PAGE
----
5 health foods that aren't actually so healthy

Australians are set to spend a whopping $1 billion on diet products this year alone, and with the health industry booming, why are we actually fatter than ever?

According to Sheila Zhou, expert Scientist at USANA, leading producer of high quality supplements, “It’s easy to get confused by the various ‘healthy’ food options available these days. Whether something is ‘fat free’, ‘all-natural’ or ‘organic’, we are often tricked into consuming foods that aren’t as nutritionally balanced as we think, in fact sometimes the calories and chemicals in these ‘health foods’ are higher than in our favourite junk foods”.

To help you make the right healthy food choices, Ms Zhou shares her expert tips of a few of the most common products people have nutritionally incorrect misconceptions around:

1.      Salad

Most people are likely to order a salad at a restaurant if they are looking for a healthier option on the menu. However, not all salads are created equal! In fact, many can have toppings that make eating a salad just as unhealthy as choosing a burger. Adding croutons, shredded cheese, dried fruit, and select types of dressings can make your salad an unhealthy alternative. By opting for veggies and lean meats as toppings, with oil and vinegar to top it off, you can save yourself from eating as many as 500 calories per serve – so don’t think that just because something has lettuce in it, it’s in the clear.  

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2.      Smoothies 

What could be wrong with blended fruits, veggies and milk or ice? Yes, smoothies are primarily made with those ingredients but they can also be full of chocolate, peanut butter, frozen yogurt and syrups. All of those additives decrease the nutritional value, and can make drinking a smoothie just as bad as slurping on a milkshake. 


3.      Orange juice

A good source of Vitamin C, many people pour themselves a cup of orange juice with their breakfast each morning. What some don’t realise is that orange juice is loaded with carbohydrates and added sugars. Simply taking a Vitamin C tablet such as USANA’s Poly C, or eating an orange, are both good ways to avoid consuming excessive amounts of sugar while still receiving the nutritional benefits of Vitamin C.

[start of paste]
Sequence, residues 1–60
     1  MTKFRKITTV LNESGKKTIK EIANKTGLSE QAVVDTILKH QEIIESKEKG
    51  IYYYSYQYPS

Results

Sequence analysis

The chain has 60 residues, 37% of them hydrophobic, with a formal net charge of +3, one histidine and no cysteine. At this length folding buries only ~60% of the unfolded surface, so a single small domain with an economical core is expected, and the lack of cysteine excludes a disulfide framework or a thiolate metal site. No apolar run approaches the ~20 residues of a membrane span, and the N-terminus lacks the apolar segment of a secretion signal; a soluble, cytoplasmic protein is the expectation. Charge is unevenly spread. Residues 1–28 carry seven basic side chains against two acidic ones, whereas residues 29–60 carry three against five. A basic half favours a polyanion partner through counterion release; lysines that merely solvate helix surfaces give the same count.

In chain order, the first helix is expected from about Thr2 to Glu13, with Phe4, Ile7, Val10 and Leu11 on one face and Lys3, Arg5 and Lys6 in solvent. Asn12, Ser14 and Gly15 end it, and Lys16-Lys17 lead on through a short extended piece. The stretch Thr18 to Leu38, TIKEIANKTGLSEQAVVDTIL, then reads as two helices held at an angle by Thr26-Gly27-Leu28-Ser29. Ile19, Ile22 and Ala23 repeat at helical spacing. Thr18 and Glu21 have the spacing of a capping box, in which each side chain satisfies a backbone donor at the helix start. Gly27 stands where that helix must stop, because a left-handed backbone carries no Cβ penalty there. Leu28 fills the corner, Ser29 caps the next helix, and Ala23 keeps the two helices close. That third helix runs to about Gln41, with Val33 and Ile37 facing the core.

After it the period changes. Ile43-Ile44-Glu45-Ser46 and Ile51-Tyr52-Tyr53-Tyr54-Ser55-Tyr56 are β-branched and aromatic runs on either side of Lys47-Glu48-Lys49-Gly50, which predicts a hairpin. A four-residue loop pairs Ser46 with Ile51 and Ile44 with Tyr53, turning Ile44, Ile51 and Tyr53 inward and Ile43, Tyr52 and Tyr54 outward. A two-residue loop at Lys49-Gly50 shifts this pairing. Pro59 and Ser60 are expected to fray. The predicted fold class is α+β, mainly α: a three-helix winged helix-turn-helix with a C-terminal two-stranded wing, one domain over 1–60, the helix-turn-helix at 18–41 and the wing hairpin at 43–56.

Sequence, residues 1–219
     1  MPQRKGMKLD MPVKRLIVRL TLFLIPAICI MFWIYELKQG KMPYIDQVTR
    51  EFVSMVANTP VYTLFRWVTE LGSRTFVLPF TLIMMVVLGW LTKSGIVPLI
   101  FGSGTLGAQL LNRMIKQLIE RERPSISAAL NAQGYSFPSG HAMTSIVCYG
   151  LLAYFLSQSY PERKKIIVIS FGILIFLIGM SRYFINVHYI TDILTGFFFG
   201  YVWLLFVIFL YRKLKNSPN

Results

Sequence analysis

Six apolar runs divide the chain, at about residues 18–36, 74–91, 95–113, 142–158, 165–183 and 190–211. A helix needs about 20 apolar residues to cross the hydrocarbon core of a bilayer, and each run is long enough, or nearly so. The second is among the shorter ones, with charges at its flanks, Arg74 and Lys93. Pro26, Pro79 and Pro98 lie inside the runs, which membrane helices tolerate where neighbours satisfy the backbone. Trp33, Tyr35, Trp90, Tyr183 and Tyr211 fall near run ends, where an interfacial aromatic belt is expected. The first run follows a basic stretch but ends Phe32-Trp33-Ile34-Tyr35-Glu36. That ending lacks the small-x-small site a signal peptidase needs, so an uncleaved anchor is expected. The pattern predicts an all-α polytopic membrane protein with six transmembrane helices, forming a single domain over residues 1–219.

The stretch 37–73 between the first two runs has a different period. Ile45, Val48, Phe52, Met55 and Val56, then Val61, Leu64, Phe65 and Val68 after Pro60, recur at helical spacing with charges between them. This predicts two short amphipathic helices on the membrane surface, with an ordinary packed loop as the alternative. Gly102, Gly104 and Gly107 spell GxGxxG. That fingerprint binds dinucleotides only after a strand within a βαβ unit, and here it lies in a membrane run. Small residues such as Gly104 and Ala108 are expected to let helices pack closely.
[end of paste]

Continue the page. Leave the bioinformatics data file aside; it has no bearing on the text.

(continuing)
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4.      Soup

On a cold day, people want a quick and easy meal that will warm them up. A simple option is canned soup, but it can also be a big mistake. Canned soups are typically high in salt, which can cause bloating and fluid retention. Choosing to make homemade soup is the best alternative because you know the ingredients included and you can substitute anything you deem unhealthy for a healthier option.


5.      Muesli bars

Many people have the belief that muesli bars are healthy snacks, with some even calling them a ‘breakfast staple’. However, a majority of readily available muesli bars actually have more calories and sugar than a Mars Bar! Make sure you stay away from the bars with high level of artificial sweeteners, and additives such as yoghurt or chocolate chips, instead ensuring you opt for a wholefood and nutritionally balanced bar.

Tell us, what changes will you make to your diet?